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Non Differentiable Graphs of Derivatives

Non Differentiable Graphs of Derivatives
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  • 0:10 The Normal Line
  • 1:06 Equation of a Normal Line
  • 2:19 First Example
  • 4:07 Second Example:…
  • 7:22 Lesson Summary
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Lesson Transcript
Instructor: Heather Higinbotham
When I walk along a curve, I stand normal to it. That is, I stand perpendicular to the tangent. Learn how to calculate where I'm standing in this lesson.

The Normal Line

The normal line is at a 90-degree angle from the original line
Normal Line

In general, when I'm walking along some curve my feet are traveling in the line that's tangent to the curve, and my head is sticking straight up away from the curve. If I draw a line from my head to my feet, that line is perpendicular to the tangent at that point on the curve. The line of my body, from my head to my feet, is called the normal line. If you have some original line, your tangent in this case, then the line normal to it is at a 90-degree angle from the original line. It's perpendicular to the original line.

Anytime you have a line that is perpendicular to another line, the slopes are related by a pretty nifty formula. If you have your original line with a slope of m, then the slope of the normal line will be -1/m. This is the negative reciprocal.

Equation of a Normal Line

How can we find out the equation for the line of my body at any point in time when I'm walking along a curve? We're going to follow a five-step formula for finding normals.

The graph corresponding to example #1
Normal Example 1

First, we're going to find the point on the curve where my feet are. So given some x value, I'm going to plug in x to a function to get y. Now I've got the point on the curve where my feet are. Next, I need to figure out where the tangent is. What tangent am I walking along? I'm going to first calculate the derivative of my function, so I'm going to find y`. Once I've calculated the derivative, I'm going to find the slope of the tangent at the point where my feet are. So this is going to tell you which direction I'm walking. Once I've found the slope of the tangent, I'm going to use the negative reciprocal to find the slope of the normal. This is the direction that my head is compared to my feet. Once I have the slope of the normal, I'm going to use point-slope form to find an equation for my head and feet. This is going to be y = y sub 1 + the slope of the normal, n(x - x sub 1), where x sub 1 and y sub 1 are the positions of my feet.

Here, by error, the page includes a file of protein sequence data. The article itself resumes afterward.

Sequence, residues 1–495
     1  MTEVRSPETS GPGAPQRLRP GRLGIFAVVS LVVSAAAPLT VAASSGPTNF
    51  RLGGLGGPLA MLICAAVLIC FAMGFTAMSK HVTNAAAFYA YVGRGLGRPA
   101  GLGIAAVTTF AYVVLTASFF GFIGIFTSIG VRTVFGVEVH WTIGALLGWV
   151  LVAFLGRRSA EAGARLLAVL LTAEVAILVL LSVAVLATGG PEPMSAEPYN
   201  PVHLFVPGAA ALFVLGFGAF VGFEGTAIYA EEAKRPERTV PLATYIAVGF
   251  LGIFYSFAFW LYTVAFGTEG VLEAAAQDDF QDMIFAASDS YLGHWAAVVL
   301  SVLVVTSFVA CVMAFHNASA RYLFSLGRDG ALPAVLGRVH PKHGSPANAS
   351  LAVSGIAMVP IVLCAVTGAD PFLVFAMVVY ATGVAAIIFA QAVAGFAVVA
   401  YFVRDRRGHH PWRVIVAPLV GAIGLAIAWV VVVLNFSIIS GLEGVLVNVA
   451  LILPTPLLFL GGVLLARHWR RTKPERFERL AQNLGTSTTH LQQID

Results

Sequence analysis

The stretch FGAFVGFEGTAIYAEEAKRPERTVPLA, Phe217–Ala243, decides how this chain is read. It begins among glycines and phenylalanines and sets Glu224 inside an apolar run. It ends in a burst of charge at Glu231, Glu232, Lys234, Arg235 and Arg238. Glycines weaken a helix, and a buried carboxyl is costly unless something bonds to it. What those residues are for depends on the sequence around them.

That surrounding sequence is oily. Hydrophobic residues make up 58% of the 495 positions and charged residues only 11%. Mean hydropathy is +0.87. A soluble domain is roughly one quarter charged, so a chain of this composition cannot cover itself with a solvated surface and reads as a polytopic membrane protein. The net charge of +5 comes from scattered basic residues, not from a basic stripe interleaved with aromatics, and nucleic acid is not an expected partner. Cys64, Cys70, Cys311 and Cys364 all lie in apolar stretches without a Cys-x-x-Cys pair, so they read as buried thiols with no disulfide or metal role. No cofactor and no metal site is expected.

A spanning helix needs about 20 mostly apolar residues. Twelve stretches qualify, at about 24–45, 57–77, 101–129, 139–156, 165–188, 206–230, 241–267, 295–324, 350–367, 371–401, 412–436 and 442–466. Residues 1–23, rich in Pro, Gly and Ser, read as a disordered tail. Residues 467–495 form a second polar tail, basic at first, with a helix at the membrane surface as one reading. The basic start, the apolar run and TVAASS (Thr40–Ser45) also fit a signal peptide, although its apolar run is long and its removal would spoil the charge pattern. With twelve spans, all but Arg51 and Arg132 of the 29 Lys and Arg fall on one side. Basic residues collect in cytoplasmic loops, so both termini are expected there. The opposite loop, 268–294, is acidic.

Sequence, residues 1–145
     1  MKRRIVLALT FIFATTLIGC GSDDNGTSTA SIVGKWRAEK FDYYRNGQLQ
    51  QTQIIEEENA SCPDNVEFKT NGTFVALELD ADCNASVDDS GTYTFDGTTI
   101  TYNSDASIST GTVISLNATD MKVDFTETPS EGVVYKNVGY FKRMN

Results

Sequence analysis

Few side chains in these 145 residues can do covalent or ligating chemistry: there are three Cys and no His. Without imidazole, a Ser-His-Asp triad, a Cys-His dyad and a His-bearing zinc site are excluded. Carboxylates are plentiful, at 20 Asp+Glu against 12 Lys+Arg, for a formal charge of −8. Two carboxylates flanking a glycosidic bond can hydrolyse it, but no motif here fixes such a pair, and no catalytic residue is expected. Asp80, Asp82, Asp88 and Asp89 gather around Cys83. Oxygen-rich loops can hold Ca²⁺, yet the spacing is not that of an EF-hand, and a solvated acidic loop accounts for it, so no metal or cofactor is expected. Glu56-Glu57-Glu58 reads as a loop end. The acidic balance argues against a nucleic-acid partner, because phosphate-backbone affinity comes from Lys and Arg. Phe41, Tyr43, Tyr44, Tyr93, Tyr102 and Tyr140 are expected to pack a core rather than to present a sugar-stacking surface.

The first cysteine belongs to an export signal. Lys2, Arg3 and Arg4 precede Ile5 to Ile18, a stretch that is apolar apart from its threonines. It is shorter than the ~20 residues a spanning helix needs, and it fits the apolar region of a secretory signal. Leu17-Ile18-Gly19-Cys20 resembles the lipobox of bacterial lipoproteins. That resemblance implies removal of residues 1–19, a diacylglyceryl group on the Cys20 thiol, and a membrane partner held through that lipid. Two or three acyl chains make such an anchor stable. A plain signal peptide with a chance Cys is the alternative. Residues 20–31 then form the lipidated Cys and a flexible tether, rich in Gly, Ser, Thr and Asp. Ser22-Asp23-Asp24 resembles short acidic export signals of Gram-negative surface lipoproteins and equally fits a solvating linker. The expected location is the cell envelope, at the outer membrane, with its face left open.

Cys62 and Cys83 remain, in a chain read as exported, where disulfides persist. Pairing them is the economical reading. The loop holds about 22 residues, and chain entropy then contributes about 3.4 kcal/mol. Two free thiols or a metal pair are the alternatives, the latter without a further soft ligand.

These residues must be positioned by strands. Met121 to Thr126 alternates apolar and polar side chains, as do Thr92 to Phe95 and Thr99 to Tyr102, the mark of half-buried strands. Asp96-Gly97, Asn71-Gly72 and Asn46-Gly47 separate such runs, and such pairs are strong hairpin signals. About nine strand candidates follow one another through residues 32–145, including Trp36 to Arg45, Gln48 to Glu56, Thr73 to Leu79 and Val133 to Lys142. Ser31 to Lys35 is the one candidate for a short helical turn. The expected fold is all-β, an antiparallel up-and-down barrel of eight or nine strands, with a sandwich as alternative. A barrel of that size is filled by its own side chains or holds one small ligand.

First Example

Let's do an example. Let's say I'm walking (rather upside-down, I might add) on the curve y=x^2. In particular, I'm walking, and I've just gotten to x=1, so the first step is find out exactly where I am. At x=1, y=x^2, so y=1. My feet are going to be at the point (1,1). Then I'm going to find the derivative of my y=x^2. This is my second step in finding the normal: y` equals d/dx(x^2). I'm going to use the power rule here. I find that y`=2x. Now I need to find the slope of the tangent at the point 1,1. To do this, I'm going to plug in my point (x=1, y=1) into the derivative. When x=1, y`=2x, so y`= 2 * 1. The slope of the tangent at the point (1,1) is equal to 2. What about the slope of the normal? That's going to be -1 divided by the slope of the tangent: -1/2. Now I have the slope of the normal, and I have a point for the normal, so I'm going to use point-slope form to find the equation for the normal line: y=y sub 1 + n(x - x sub 1), so y = 1 - 1/2(x - 1) because my point is (1,1) and the slope is -1/2. That's the equation of this line that is perpendicular to the function at the point (1,1). My head is downward. Great.

Finding the equation for the normal at the point x=1 in example #2
Normal Example 2

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